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Published Date: April 30, 2003

Published Date: April 30, 2003

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Editor’s Reflections | Spring 2003

Egalitarian scholarship is burgeoning at an incredible rate. What is even more remarkable is that this scholarship is coming from almost every corner of the church. Even critics of the egalitarian position note this phenomenon. Thomas R. Schreiner writes this in the Journal for Biblical Manhood and Womanhood: “Sometimes I wonder if egalitarians hope to triumph in the debate on the role of women by publishing book after book on the subject. Each work propounds a new thesis that explains why the traditional interpretation is flawed. Complementarians could easily give in from sheer exhaustion, thinking that so many books written by such a diversity of authors could scarcely be wrong.”

As Schreiner astutely notes, Christians from diverse traditions are embracing the egalitarian cause and coming to the same conclusion. Is this not the definition of a reformist movement? Historians suggest that the church is always reforming itself. That is, the church is always returning to its foundational core and biblical moorings to inform its teachings on life and faith. One mark of reformist movements is that though Christians differ on any number of other issues, they stand united to promote a common cause.

Perhaps this explains why there are more than ninety different denominations represented in CBE’s membership. Christians are seeing the Spirit anew in the biblical text, just as they did during the Protestant Reformation and the abolitionist movement. What a privilege to be part of God’s reforming work on the matter of gender. For further evidence of God’s renewing activity in the church you will want to see page 22 which features CBE’s Orlando Conference, August 8-10. Orlando will become the epicenter of biblical equality this summer as Christians from around the globe gather to study and celebrate the priesthood of all believers. For more information and to register for this conference, visit CBE’s website.

With great honor I introduce the articles in this issue of Priscilla Papers, where we observe our reformist movement gaining momentum. Catherine Clark Kroeger, CBE President Emerita, has written the lead article entitled “Melchizedek and the Universality of the Gospel.” Because of Dr. Kroeger’s background in the Classics, she brings powerful insight and a new perspective to the Book of Hebrews.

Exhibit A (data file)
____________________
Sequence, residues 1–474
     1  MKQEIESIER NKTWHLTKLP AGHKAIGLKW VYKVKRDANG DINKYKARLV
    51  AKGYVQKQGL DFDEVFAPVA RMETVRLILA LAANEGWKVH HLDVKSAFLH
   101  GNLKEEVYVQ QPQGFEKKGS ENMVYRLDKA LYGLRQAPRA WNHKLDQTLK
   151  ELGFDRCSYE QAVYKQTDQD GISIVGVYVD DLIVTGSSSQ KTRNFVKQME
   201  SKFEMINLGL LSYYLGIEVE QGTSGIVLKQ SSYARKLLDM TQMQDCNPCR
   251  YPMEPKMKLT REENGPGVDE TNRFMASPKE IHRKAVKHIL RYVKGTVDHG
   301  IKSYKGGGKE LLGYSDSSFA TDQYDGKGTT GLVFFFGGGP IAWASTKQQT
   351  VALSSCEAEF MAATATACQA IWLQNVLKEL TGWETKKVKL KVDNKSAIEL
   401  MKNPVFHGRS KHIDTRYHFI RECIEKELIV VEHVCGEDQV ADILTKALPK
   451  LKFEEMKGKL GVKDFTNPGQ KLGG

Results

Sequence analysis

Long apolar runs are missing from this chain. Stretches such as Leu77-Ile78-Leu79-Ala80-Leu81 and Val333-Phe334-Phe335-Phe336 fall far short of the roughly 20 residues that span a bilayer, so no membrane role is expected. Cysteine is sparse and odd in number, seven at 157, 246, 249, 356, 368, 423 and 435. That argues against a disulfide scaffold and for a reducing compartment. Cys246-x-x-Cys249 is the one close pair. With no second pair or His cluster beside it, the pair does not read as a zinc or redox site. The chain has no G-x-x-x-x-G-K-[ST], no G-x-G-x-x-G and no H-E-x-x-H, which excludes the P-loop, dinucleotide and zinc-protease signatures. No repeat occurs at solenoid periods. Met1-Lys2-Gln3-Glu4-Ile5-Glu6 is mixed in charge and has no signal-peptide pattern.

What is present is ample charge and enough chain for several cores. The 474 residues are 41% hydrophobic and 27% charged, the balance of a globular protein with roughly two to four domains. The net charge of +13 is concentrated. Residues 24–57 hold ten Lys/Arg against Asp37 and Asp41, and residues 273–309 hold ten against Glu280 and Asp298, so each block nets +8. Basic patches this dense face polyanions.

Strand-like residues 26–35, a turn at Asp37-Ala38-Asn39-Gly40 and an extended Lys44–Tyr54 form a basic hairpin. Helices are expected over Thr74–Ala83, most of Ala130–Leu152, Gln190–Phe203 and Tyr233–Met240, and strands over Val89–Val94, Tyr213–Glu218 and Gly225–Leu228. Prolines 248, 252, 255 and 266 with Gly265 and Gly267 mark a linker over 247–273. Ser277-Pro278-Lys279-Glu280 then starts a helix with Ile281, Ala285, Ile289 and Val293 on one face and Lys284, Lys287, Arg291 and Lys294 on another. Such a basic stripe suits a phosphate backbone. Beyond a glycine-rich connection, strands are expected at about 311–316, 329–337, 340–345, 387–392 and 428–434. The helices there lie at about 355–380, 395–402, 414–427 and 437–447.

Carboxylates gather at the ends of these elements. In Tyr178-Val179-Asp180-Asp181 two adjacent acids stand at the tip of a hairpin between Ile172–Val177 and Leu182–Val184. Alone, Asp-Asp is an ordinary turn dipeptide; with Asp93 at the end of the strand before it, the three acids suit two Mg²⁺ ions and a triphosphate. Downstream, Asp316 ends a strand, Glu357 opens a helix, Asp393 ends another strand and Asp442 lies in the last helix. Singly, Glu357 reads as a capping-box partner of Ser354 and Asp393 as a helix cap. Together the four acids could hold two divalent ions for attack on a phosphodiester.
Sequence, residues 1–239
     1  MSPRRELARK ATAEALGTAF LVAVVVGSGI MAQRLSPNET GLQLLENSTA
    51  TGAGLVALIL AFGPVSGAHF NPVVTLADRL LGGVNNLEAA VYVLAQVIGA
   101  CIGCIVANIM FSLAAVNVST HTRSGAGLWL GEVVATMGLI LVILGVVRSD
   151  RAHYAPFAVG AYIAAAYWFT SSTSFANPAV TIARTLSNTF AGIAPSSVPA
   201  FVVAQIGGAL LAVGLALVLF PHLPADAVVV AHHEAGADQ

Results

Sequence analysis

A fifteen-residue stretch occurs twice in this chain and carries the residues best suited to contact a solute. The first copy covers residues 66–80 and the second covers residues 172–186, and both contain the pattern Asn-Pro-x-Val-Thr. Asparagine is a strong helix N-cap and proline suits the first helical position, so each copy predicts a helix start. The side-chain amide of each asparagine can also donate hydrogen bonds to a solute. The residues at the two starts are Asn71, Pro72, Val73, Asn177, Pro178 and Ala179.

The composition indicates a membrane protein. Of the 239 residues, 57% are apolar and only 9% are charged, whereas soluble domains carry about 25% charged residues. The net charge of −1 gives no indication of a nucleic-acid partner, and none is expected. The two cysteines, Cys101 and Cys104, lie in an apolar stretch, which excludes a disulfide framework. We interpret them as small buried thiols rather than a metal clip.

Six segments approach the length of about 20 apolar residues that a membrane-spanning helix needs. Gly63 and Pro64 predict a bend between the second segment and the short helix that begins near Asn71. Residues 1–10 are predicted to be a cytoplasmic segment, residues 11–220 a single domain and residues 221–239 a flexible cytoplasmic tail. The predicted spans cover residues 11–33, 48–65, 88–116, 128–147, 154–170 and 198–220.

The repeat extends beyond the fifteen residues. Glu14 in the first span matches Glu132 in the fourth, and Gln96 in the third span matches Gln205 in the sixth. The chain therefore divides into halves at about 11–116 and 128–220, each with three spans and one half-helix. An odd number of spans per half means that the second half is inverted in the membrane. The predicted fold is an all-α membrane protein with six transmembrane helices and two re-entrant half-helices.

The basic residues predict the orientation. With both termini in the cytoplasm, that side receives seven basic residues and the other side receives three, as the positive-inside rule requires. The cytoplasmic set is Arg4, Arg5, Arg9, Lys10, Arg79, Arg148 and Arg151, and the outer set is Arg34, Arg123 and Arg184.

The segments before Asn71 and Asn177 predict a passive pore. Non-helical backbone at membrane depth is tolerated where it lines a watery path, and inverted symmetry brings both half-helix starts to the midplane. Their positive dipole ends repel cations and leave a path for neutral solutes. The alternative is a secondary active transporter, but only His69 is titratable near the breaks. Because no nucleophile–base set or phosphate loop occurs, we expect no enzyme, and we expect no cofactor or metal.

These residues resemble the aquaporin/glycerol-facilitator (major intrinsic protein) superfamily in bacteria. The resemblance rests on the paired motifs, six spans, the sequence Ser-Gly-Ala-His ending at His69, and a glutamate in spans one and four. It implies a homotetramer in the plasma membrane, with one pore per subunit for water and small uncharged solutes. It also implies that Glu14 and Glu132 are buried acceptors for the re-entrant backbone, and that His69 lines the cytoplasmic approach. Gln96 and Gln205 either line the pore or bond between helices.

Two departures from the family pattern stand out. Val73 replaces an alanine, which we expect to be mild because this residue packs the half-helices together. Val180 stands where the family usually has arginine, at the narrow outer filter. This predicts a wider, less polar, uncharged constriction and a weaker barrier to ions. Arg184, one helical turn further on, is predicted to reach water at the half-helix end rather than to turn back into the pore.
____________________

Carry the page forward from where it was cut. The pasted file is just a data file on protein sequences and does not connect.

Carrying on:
Brenda Warren’s “A Woman’s Work” offers a decisive response to those who claim that only men exhibit leadership in the Old Testament. Consider giving your pastor or denominational leader a copy of this important article. Brenda’s extensive research will enrich and inform the serious Bible scholar.

We welcome back Glen Scorgie to the pages of Priscilla Papers. His paper “Tracing the Trajectory of the Spirit: Egalitarian Hermeneutics and Biblical Inerrancy,” which was read at the 2002 Annual Meeting of the Evangelical Theological Society, explores a method of distinguishing “the overall direction the Holy Spirit is taking the church as he unfolds God’s will in a progressive way.” His article will inspire and inform the way we read the Bible.

Gilbert Bilezikian offers a piece that begins with a satirical note when he claims he is a defender of male headship. Those of you unfamiliar with Dr. Bilezikian will quickly learn he is no proponent of female subordination. The article offers a clever means of garnering attention to this important matter.

We also consider a question scholars have debated for centuries: Was Junia a female apostle? For a well researched response to this question, refer to Dennis J. Preato’s article entitled, “A Female Apostle: Was Junia a Man or a Woman?” Preato’s work is also available on CBE’s Web site.

And finally, CBE is now 15 years old. Will you join me in wishing CBE a happy birthday? If you would like to give CBE a birthday present, consider making a contribution towards CBE’s endowment project. For more details see page 26.

I thank each of our authors and invite our readers to join CBE in Orlando this summer.

Mimi Haddad, President of CBE